Each satoshi is assigned a unique ordinal to track ownership and movement. Additional data, like images, texts, sounds or even video games can be attached to these ordinals through a process called inscribing, creating unique digital assets on the Bitcoin blockchain.

Types of Data Inscribed on the Blockchain

Source: Dune Analytics

Inscriptions can also be used to create BRC-20 tokens. They are semi-fungible tokens that can now be mined directly on the Bitcoin Blockchain.

Controversy and Impact on the Bitcoin Network

These implementations were designed to enable on the Bitcoin blockchain what was once considered a unique feature of Ethereum.

Although these innovations are a demonstration of the potential and veracity of the Bitcoin network, many industry experts have defined them as harmful to the Bitcoin ecosystem, and some even consider them a real attack on the Bitcoin network itself.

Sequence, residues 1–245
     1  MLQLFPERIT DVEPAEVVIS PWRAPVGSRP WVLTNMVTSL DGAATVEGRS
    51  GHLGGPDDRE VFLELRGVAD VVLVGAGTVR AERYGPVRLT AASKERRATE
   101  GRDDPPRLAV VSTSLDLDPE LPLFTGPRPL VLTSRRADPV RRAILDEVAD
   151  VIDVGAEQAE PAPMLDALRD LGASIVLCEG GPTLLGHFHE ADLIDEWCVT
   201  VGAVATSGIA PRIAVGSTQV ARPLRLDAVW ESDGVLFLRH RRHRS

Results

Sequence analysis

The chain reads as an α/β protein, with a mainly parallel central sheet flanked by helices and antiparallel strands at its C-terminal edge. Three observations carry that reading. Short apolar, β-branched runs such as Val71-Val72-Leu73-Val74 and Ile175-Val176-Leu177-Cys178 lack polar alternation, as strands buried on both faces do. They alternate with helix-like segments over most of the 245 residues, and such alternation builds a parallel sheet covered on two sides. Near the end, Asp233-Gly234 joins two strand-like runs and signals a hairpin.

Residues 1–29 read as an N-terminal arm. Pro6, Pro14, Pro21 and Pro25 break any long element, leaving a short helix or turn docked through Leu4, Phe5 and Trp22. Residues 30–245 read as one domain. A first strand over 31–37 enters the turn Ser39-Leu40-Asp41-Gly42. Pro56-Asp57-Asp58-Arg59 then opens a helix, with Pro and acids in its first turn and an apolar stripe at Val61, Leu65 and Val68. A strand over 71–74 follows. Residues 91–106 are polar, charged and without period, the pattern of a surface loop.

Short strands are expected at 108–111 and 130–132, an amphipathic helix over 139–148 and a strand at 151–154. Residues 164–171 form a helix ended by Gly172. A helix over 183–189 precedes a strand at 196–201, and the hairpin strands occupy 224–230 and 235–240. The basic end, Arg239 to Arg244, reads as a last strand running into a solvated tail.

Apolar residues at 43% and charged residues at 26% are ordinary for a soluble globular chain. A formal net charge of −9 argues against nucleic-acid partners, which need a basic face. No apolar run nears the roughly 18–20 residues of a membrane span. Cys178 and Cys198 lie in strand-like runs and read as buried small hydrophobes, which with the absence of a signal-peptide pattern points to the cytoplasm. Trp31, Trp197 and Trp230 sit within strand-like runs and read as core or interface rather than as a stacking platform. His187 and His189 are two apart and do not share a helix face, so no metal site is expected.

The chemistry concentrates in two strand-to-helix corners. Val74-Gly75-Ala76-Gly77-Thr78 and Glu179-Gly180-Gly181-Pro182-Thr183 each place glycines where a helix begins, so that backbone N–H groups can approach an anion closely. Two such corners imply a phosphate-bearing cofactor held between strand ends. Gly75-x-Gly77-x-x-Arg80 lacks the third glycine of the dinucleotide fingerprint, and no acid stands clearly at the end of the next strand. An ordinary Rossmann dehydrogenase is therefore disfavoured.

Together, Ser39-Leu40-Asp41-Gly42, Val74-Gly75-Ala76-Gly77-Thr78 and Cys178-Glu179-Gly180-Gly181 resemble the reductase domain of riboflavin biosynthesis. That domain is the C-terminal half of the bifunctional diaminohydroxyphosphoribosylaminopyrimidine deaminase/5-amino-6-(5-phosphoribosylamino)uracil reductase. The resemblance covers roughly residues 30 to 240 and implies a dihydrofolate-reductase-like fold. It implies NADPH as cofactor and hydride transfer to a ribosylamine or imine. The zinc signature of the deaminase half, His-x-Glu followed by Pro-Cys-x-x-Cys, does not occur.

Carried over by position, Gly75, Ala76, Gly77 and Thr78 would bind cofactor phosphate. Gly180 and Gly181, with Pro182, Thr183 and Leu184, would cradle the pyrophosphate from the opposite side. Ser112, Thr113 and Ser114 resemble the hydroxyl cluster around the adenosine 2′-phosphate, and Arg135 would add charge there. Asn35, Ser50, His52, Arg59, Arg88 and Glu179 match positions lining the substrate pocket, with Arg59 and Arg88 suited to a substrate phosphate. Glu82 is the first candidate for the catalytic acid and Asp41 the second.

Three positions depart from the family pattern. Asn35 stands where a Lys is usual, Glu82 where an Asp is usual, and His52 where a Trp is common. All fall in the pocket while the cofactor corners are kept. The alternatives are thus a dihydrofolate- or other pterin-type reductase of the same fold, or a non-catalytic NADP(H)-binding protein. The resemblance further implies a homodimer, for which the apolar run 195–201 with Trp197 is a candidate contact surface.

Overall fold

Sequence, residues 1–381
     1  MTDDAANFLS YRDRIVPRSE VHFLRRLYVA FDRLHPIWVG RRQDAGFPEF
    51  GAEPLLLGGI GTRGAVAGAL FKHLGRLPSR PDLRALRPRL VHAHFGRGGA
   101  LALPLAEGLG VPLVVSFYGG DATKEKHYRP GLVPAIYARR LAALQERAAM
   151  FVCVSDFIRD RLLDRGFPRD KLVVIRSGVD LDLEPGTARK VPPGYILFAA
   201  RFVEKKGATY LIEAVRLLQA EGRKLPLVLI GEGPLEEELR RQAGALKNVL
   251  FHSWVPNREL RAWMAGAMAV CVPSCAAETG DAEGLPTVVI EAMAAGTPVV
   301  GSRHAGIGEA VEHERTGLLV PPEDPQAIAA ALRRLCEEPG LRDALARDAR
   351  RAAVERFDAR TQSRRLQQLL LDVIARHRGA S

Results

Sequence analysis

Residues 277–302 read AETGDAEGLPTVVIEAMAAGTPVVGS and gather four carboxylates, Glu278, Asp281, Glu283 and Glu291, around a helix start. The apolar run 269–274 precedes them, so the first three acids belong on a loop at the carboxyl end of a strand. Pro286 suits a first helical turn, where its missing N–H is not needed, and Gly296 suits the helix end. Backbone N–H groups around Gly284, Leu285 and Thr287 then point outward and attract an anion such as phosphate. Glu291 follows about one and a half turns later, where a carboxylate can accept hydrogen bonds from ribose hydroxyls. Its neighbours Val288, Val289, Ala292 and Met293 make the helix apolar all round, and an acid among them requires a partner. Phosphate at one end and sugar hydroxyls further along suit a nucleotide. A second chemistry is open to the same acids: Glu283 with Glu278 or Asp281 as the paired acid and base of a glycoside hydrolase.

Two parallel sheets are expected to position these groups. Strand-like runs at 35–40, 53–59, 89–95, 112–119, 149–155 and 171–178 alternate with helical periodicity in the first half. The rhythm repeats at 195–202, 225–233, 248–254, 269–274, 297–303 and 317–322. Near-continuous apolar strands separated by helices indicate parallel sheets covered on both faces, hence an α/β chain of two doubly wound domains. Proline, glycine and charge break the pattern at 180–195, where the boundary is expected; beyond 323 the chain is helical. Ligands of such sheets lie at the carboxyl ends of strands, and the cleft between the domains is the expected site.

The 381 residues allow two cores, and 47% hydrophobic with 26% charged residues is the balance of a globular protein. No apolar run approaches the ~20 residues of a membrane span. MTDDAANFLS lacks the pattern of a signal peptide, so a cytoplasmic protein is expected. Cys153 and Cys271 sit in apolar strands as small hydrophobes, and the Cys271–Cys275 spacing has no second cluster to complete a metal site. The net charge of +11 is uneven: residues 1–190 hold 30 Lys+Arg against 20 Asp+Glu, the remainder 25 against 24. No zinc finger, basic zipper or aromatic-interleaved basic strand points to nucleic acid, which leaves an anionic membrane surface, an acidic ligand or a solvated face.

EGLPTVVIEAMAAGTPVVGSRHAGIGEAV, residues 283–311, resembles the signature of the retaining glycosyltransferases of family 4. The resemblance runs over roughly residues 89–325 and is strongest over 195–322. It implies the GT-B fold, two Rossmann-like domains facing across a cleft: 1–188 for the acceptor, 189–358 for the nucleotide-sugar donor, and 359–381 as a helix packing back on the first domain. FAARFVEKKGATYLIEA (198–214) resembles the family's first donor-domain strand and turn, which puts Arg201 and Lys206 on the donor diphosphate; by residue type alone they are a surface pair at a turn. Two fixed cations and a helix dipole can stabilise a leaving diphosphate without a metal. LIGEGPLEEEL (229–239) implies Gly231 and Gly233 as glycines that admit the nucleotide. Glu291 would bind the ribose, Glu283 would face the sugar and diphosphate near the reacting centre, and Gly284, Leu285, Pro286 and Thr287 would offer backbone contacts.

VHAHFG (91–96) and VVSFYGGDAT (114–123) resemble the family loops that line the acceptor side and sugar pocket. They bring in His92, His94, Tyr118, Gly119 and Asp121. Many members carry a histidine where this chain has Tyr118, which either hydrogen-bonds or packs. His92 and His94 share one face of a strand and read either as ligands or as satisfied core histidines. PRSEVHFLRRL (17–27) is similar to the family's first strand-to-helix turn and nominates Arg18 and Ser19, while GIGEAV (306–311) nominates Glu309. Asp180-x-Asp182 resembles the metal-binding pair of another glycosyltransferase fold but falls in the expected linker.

The Risks of Ordinals on Bitcoin

The reason lies in the fact that to create Ordinals and BRC-20 tokens, a particular implementation of the Bitcoin code, called Taproot, is used.

The Ordinals protocol launched on the Bitcoin mainnet and used some of the features introduced by Taproot (and SegWit), although many developers claim that this is not the use case for which Taproot was created.

Taproot was originally designed to improve transaction privacy and efficiency, not for storing large amounts of non-transactional data.

Addressing Concerns Over Ordinals and Inscriptions